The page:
Though it may seem like a drag on creativity to spend time establishing ground rules, teams function better over the long term with an explicit written charter. This document identifies—ideally in one sentence—the goal of the team, establishes the rules of operation, and defines where responsibilities lie.

“Teams do a pretty good job of evaluating or expanding on ideas, but they don’t do a good job of generating ideas.”

“Teams that develop a charter end up being more nimble, having more proactive behavior, and achieving their goals more than teams that don’t bother,” says Thompson.

Even the process of developing a charter can improve team cohesion and effectiveness. Thompson describes how a team of doctors at a pharmaceutical company overcame what she calls their “analysis paralysis”—a habit of weighing every possibility to such an extent that nothing was ever decided. The team finally composed a charter using a single flip chart and several pens. “These scientists ended up collectively writing something that they could get on board with because they were all authors and they knew it was a work in progress.”

3. Drop the pride talk. Vulnerability can be a good thing.

Corporate retreats tend toward the celebratory. Managers highlight progress and recognize employees of the year. Such praise aims to act as a kind of cultural glue, binding teams together through shared accomplishment and optimism.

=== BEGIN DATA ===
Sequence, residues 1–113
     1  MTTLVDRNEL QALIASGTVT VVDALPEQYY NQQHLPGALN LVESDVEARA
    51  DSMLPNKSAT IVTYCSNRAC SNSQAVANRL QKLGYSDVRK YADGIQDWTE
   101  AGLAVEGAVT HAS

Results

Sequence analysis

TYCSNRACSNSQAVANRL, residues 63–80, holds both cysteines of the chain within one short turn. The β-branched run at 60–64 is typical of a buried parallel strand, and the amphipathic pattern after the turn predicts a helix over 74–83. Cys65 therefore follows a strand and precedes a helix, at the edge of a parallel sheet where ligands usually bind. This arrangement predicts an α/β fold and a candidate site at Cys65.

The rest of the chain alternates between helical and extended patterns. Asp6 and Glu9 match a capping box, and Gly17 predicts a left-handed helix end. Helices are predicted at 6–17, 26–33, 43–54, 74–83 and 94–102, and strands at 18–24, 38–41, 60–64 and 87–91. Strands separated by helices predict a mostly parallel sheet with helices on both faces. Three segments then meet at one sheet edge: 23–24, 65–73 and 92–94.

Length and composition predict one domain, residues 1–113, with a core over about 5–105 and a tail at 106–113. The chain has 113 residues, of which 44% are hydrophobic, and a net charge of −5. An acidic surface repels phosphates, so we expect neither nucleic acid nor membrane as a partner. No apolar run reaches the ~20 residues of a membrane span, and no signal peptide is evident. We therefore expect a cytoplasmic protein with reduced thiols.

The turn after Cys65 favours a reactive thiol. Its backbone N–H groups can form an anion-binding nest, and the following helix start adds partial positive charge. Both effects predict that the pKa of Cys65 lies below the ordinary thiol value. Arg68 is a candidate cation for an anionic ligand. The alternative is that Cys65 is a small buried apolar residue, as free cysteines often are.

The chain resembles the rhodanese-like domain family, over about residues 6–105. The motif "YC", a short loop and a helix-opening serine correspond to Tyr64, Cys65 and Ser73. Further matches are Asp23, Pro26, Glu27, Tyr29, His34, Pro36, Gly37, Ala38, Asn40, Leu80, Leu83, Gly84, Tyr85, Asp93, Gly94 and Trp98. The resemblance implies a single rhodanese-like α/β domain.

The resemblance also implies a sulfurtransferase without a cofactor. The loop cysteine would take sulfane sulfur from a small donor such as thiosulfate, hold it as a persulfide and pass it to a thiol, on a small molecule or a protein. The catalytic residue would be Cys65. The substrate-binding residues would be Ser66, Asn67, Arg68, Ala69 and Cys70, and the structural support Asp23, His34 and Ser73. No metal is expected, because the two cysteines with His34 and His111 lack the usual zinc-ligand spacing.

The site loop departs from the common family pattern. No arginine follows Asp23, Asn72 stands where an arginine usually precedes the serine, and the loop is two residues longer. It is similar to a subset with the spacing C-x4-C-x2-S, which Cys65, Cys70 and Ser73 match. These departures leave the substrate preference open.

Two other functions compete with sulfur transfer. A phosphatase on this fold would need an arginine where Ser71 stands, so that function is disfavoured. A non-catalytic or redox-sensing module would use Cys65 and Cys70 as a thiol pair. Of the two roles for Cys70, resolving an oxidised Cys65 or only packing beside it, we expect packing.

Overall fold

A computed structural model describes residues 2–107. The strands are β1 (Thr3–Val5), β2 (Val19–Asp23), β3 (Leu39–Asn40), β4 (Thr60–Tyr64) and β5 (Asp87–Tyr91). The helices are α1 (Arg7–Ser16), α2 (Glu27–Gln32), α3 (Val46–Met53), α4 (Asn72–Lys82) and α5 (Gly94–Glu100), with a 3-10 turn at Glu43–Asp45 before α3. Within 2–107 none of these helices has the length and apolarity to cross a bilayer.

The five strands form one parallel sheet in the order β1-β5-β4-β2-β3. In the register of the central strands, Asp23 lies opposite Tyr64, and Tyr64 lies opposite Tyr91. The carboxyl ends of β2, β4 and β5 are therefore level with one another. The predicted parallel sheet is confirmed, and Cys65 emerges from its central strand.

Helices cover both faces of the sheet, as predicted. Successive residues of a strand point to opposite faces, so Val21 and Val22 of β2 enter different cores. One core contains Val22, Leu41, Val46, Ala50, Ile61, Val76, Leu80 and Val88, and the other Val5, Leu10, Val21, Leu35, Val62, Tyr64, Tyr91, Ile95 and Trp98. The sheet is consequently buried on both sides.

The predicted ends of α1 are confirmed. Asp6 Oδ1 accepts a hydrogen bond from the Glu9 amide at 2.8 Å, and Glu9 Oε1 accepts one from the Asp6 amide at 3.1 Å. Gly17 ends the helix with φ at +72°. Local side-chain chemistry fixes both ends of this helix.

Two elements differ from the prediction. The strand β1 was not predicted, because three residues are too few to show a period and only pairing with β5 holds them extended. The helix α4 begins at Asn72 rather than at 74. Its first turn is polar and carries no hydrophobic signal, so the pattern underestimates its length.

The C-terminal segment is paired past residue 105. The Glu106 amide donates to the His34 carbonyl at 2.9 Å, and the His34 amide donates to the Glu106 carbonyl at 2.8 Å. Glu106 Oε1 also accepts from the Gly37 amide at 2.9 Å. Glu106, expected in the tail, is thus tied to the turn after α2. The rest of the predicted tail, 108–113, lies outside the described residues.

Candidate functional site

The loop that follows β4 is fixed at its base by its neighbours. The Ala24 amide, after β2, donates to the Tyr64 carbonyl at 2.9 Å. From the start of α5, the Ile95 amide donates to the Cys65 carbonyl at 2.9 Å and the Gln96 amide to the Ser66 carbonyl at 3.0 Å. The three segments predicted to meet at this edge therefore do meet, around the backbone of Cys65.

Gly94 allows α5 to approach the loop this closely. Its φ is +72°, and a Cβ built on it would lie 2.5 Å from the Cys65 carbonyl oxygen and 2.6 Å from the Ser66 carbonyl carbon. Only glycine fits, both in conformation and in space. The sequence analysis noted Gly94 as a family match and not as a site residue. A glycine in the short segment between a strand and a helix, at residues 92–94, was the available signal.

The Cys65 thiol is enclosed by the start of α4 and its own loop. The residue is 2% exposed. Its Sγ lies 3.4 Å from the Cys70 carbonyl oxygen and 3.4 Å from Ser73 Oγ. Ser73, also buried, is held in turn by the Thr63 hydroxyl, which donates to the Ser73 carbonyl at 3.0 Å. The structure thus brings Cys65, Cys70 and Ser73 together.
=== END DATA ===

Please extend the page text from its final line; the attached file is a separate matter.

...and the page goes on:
“This is pride talk,” says Thompson. But does pride talk actually improve teamwork?

Thompson ran a series of studies in which some teams were told to share accomplishments with each other while other teams shared embarrassments. To her surprise, Thompson found that team members who talked about an embarrassing moment generated more ideas in subsequent brainstorming sessions. Embarrassment, not pride, spurred creative and effective teamwork.

“It’s somewhat unintuitive that putting out our worst moment in the last six months can actually help our team,” says Thompson. “Almost all of our intuitions are wrong.”

4. You may be able to cut your meeting time in half—if you are smart about it.

In theory, meetings are designed to increase team efficiency—a purpose they rarely live up to in practice. Most teams meet too infrequently and for too long, says Thompson. Research has demonstrated that, given a two-hour meeting, people will work to fill it; but meetings that are half as long are usually just as productive. It is better to have four hour-long meetings than two two-hour meetings.

What can leaders do to make the most of a shorter meeting? “Teams do a pretty good job of evaluating or expanding on ideas, but they don’t do a good job of generating ideas,” Thompson says. So to optimize meeting time, she recommends a facilitator solicit contributions related to the agenda beforehand to serve as the starting point for discussion.